Plants from Kenyan flora are traditionally used against many ailments, including cancer and related diseases. Cancer is characterized as a condition with complex signs and symptoms. Recently there are recommendations that ethnopharmacological usages such as immune and skin disorders, inflammatory, infectious, parasitic and viral diseases should be taken into account when selecting plants that treat cancer.The present study was aimed at investigating the cytotoxicity of a plethora of 145 plant parts from 91 medicinal plants, most of which are used in the management of cancer and related diseases by different communities in Kenya, against CCRF-CEM leukemia cell line.Extracts from different plant parts (leaves, stems, stem bark, roots, root barks, aerial parts and whole herb) were obtained by cold percolation using different solvent systems, such as (1:1v/v) dichloromethane (CH2Cl2) and n-hexane (1), methanol (MeOH) and CH2Cl2 (2); neat MeOH (3), 5% H2O in MeOH (4) and with ethanol (EtOH, 5); their cytotoxicities were determined using the resazurin reduction assay against CCRF-CEM cells.At a single concentration of 10g/mL, 12 out of 145 extracts exhibited more than 50% cell inhibition. These include samples from the root bark of Erythrina sacleuxii (extracted with 50% n-hexane-CH2Cl2), the leaves of Albizia gummifera, and Strychnos usambarensis, the stem bark of Zanthoxylum gilletii, Bridelia micrantha, Croton sylvaticus, and Albizia schimperiana; the root bark of Erythrina burttii and E. sacleuxii (extracted with 50% CH2Cl2-MeOH), the stem bark of B. micrantha and Z. gilletii (extracted using 5% MeOH-H2O) and from the berries of Solanum aculeastrum (extracted with neat EtOH). The EtOH extract of the berries of S. aculeastrum and A. schimperiana stem bark extract displayed the highest cytotoxicity towards leukemia CCRF-CEM cells, with IC50 values of 1.36 and 2.97g/mL, respectively. Other extracts having good activities included the extracts of the stem barks of Z. gilletii and B. micrantha and leaves of S. usambarensis with IC50 values of 9.04, 9.43 and 11.09g/mL, respectively.The results of this study provided information related to the possible use of some Kenyam medicinal plants, and mostly S. aculeastrum, A. schimperiana, C. sylvaticus, Z. gilletii, B. micrantha and S. usambarensis in the treatment of leukemia. The reported data helped to authenticate the claimed traditional use of these plants. However, most plants are used in combination as traditional herbal concoctions. Hence, the cytotoxicity of corresponding plant combinations should be tested in vitro to authenticate the traditional medical practitioners actual practices.
Aming'a N.N.,Kisii University
Interdisciplinary Journal of Information, Knowledge, and Management | Year: 2015
Knowledge management and knowledge assets have gained much prominence in recent years and are said to improve organizational performance. Knowledge capture and acquisition mechanisms enhance organizational memory and performance. However, knowledge capture and acquisition mechanisms in higher education institutions are not well known. The aim of this study was to investigate the knowledge capture and acquisition mechanisms at Kisii University. This was a case study in which data were collected through interviews and questionnaires. Purposive sampling was used to determine interview participants while questionnaire respondents were selected through stratified random sampling. Qualitative and quantitative data were analysed using SPSS® student version 14; it revealed that there were various knowledge capture and acquisition mechanisms at Kisii University. It was also established that the University encountered various challenges in knowledge capture and acquisition and lacked some essential knowledge capture and acquisition mechanisms. In this regard, this study proposed knowledge capture and acquisition guidelines that may be adopted by the University to enhance its organizational memory and performance.
Musyoki S.,Kisii University |
Mining S.,Moi University |
Nyongesa P.,Moi University
Interdisciplinary Perspectives on Infectious Diseases | Year: 2014
Background. To date the effect of pregnancy on the immune activation of CD8 T cells that may affect HIV disease progression has not been well studied and remains unclear. Objective. To determine the effect of pregnancy on CD8 T lymphocyte activation and its relationship with CD4 count in HIV infected pregnant women. Study Design. Case control. Study Site. AMPATH and MTRH in Eldoret, Kenya. Study Subjects. Newly diagnosed asymptomatic HIV positive pregnant and nonpregnant women with no prior receipt of antiretroviral medications. Study Methods. Blood samples were collected from the study participants and levels of activated CD8 T lymphocytes (CD38 and HLA-DR) were determined using flow cytometer and correlated with CD4 counts of the study participants. The descriptive data focusing on frequencies, correlation, and cross-tabulations was statistically determined. Significance of the results was set at P < 0.05. Results. HIV positive pregnant women had lower activated CD8 T lymphocyte counts than nonpregnant HIV positive women. Activated CD8 T lymphocyte counts were also noted to decrease in the second and third trimesters of pregnancy. Conclusion. Pregnancy has a significant suppression on CD8+ T lymphocyte immune activation during HIV infections. Follow-up studies with more control arms could confirm the present study results. © 2014 Stanslaus Musyoki et al.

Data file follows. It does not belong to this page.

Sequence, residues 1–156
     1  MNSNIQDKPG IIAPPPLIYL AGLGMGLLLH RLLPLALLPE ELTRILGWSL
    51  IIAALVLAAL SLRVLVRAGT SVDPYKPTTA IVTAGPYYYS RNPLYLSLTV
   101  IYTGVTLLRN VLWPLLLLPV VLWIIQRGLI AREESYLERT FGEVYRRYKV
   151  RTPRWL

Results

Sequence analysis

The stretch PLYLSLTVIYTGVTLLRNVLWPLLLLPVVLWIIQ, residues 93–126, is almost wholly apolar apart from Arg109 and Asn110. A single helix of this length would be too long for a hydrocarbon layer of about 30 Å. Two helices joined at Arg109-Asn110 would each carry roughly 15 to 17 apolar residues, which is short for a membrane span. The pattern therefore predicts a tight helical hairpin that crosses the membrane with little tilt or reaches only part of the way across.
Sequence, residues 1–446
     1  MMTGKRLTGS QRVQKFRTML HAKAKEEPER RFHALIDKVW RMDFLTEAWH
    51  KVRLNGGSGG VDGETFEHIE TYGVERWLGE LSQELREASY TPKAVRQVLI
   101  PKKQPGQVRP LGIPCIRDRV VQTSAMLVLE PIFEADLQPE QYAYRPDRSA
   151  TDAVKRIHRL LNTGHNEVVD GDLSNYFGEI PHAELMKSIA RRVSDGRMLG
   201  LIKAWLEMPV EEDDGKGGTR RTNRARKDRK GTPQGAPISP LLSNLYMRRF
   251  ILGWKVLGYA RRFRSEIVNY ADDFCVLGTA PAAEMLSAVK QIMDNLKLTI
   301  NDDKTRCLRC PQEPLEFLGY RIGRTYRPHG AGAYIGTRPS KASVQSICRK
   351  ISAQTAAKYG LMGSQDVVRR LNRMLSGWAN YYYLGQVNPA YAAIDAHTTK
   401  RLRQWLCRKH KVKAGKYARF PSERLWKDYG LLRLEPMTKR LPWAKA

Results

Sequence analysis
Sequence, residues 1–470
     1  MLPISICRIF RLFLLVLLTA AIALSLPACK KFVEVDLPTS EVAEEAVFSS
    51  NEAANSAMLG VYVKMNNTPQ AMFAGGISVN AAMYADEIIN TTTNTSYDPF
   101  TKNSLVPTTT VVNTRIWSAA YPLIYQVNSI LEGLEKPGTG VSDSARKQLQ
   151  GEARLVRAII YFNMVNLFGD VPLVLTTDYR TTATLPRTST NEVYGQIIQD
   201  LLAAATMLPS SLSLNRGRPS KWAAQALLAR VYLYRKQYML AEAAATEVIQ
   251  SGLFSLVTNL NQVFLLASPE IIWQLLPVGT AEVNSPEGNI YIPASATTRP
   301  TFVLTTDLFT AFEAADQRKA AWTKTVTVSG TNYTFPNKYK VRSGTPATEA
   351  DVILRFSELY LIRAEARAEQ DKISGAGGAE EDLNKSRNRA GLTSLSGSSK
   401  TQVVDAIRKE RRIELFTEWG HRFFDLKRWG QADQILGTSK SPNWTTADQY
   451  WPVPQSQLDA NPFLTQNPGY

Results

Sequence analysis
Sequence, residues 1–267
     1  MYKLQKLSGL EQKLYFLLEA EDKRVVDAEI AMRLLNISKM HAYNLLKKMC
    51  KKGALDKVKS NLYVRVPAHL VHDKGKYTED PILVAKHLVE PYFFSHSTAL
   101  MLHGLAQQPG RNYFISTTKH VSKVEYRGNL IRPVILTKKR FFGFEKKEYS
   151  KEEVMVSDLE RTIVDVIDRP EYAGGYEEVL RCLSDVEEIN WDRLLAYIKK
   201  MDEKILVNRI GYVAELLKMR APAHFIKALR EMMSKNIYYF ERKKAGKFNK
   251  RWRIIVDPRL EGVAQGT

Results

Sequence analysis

PubMed | Kisii University
Type: | Journal: BMC research notes | Year: 2016
Intestinal parasitic infections are a major health problem worldwide. In Kenya intestinal parasitic infections are highly prevalent especially in prisons due to poor and/or inadequate infrastructure. The aim of this study was to establish the risk factors associated with intestinal parasites infection among inmates of Kisii prison, Kisii county, Kenya.Fresh stool samples of 384 inmates in Kisii prison aged 20years and above, were screened for intestinal parasitic infections between February and August 2015. Stool samples were processed using direct fecal smear and formol-ether sedimentation techniques for confirmation then they were examined microscopically. Multiple logistic regression analysis was used to establish the relationship of various factors and practices with the occurrence of intestinal parasites. The differences were considered statistically significant at P<0.05.Of the 384 inmates screened, 95 (24.7%) were infected with one or more intestinal parasites. Of the positive inmates, 58 (15.1%) were infected with one species of protozoa while 24 (5.2%) were infected with at least one species of helminthes and 13 (3.5%) had mixed infections of species of intestinal parasites. Washing of hands before meals and after visiting toilets significantly reduced risk of infections (P<0.05). The level of education was inversely related to the risk of intestinal parasites infection where by inmates at post primary education were least infected with intestinal parasites infection as compared to unschooled inmates (P<0.05). Wearing of shoes was seen to significantly reduce parasitic infections (P0.05). Duties assigned to inmates did not significantly determine the risk of intestinal parasitic infection (P>0.05). Male inmates had significantly more intestinal parasites infections 57 (21.8%) compared to females 28 (8.1%) (P<0.05). Inmates within ages 20-29years were more infected (11.3%) compared to the age group of>60years (0.6%) (P<0.05). There was no statistical significant difference between the number of infections among the length of the jail terms (P<0.05).Prevalence of intestinal parasites was high among inmates in the study area than the general population. Practices like wearing of shoes, washing of hands before meals after visiting a toilet and level of education affect the spread of the infections.